The woman meets him, dressed as a prostitute, and guarded of heart.
“Guarded of heart” here, as the Hebrew suggests, means that this woman does not give herself emotionally or spiritually. She offers herself physically though. In that way she is very open indeed, but holds back in any truly intimate way. Therefore, it will cause a rift, a tearing in the mind of both, as it goes against God’s design for our sexuality.
This is what neurotheology is showing us more and more–the dis-integrated mind. More specifically, the pre-frontal cortex, which is where integration and emotional health are to take place.
Giving yourself to this extent physically, but holding back emotionally and spiritually will quite actually tear you apart. It will foster dis-integration, double-mindedness, making you unstable in all your ways.
You can extrapolate what tearing must go on with regards to pornography as well. There, you are giving yourself physically to a picture, a computer screen, where there is not even a real chance of intimacy at all. All you’re really screwing is your mind.
To have a full sexual relationship with somebody is to give physical expression to what is meant to be a covenanted relationship–that is, stable, faithful, permanent. To say physically, “I am giving myself to you,” while emotionally and spiritually holding back from covenanted commitment is in fact to live a lie–a split in the personality which is ultimately stressful and destructive.
Enter through the narrow gate; for the gate is wide and the road is easy that leads to destruction, and there are many who take it. For the gate is narrow and the road is hard that leads to life, and there are few who find it.
A friend emailed me last week that she was listening to K-Love and they asked the question, “Could you go a day without your i-Phone?” And the consensus was “No. No, I could not go a day without my i-Phone.” Even the DJs agreed. Is this what we’ve come to? As Christians in 2014 America? That we must follow the masses? That we must “keep up”? Keep up with what?
Matthew 7:13 was my friend’s answer to her own rhetorical question. If the masses are doing it, chances are it is the mind-numbing, “sheep-walking” road to destruction. Not the mere possession of an i-Phone, mind you, but the having to have one everyday at all times to get by mentality is what we’re looking at here. We don’t have to do anything the world would have us do. The only thing we have to do is listen to Jesus (Luke 10:42), to seek first God and His kingdom (Matthew 6:33). When you think about it, and you should definitely take the time to think about it, there’s not many things we have to do, just a few–love God, love others, listen to Jesus, golden rule–and the rest of life will take care of itself.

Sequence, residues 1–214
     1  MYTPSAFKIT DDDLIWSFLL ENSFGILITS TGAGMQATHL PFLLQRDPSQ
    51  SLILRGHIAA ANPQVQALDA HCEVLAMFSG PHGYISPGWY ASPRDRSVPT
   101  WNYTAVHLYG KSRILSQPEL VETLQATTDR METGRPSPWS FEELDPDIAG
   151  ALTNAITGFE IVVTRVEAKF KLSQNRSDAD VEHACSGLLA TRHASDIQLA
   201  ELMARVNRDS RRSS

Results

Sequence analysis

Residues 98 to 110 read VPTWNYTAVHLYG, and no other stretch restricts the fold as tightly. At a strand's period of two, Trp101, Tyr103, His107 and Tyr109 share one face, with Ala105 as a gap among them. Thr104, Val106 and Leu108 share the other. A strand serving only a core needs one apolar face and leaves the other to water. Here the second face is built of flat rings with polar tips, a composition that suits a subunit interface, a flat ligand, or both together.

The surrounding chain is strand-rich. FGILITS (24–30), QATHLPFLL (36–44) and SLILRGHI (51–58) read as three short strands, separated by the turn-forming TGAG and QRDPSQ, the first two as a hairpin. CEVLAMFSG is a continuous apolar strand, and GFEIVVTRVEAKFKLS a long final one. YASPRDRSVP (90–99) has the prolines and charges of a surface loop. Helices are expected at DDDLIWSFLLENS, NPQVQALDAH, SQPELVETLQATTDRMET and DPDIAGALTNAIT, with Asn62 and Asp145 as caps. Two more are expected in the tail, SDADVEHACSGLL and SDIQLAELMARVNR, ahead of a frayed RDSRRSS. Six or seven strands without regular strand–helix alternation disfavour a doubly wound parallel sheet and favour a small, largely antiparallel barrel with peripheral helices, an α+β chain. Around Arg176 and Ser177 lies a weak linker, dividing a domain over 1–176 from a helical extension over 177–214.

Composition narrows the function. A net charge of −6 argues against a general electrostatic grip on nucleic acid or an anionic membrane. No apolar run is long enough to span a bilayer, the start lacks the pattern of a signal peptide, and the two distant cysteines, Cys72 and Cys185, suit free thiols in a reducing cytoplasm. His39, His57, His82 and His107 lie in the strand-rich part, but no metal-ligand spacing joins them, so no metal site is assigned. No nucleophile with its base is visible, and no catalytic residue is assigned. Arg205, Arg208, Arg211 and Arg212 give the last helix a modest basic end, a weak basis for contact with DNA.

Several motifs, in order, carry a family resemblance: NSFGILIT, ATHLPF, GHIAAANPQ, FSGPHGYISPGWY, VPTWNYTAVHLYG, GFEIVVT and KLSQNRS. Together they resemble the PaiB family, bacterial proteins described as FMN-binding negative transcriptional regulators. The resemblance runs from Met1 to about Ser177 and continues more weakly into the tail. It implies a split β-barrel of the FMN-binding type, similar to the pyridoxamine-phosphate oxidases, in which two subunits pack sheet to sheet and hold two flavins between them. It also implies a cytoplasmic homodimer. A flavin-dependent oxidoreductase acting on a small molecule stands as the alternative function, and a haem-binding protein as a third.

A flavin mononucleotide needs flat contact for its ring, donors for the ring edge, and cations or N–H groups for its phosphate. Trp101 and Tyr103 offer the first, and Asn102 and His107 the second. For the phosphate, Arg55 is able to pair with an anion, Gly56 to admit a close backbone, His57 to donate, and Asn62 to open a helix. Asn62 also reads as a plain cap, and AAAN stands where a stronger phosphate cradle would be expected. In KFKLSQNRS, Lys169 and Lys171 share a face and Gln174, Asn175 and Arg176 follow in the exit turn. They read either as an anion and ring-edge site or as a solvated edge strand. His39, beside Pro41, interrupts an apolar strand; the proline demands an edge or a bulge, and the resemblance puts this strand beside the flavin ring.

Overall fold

The road to life is hard because it is lonely in the grand picture of the world. This is why we must daily encourage one another on this narrow road we travel. We must remind each other of where it leads–to life, and life abundant and eternal.
And “sheep-walking.” That is Seth Godin’s term. I find it more descriptive than “sleep-walking” through life. Just turn off your brain and follow the masses–all the way to destruction. Even preaching or performing miracles can end in destruction (21-23) if done without truly knowing God, without obedience to His will as directed by His Holy Spirit. How one can perform miracles without true belief is hard for me to comprehend (perhaps it refers to people who are all outward with no inward commitment to the will of God). Nonetheless, Jesus tells us it is possible, and we therefore must heed His warning, for He was and is the revelation of God, of Truth.
Jesus is the Good Shepherd that we can and must sheep-walk to. We would be wise to build our house on Him (24-29):
The concluding parable makes clear that Jesus has been offering the disciples a solid foundation of teaching on which to build their lives and ministry. But it is up to them to put His words into practice. Otherwise, they are like the fool described so often in Proverbs, who is not the intellectually challenged person, but rather the person who lacks good moral judgement. It is not common sense that Jesus’ wisdom calls us to, but rather a Christian sense, which only makes sense in the context of a Christian vision of the world, a belief system attested to by ethical commitments and behavior.
-from The Renovare Spritual Formation Bible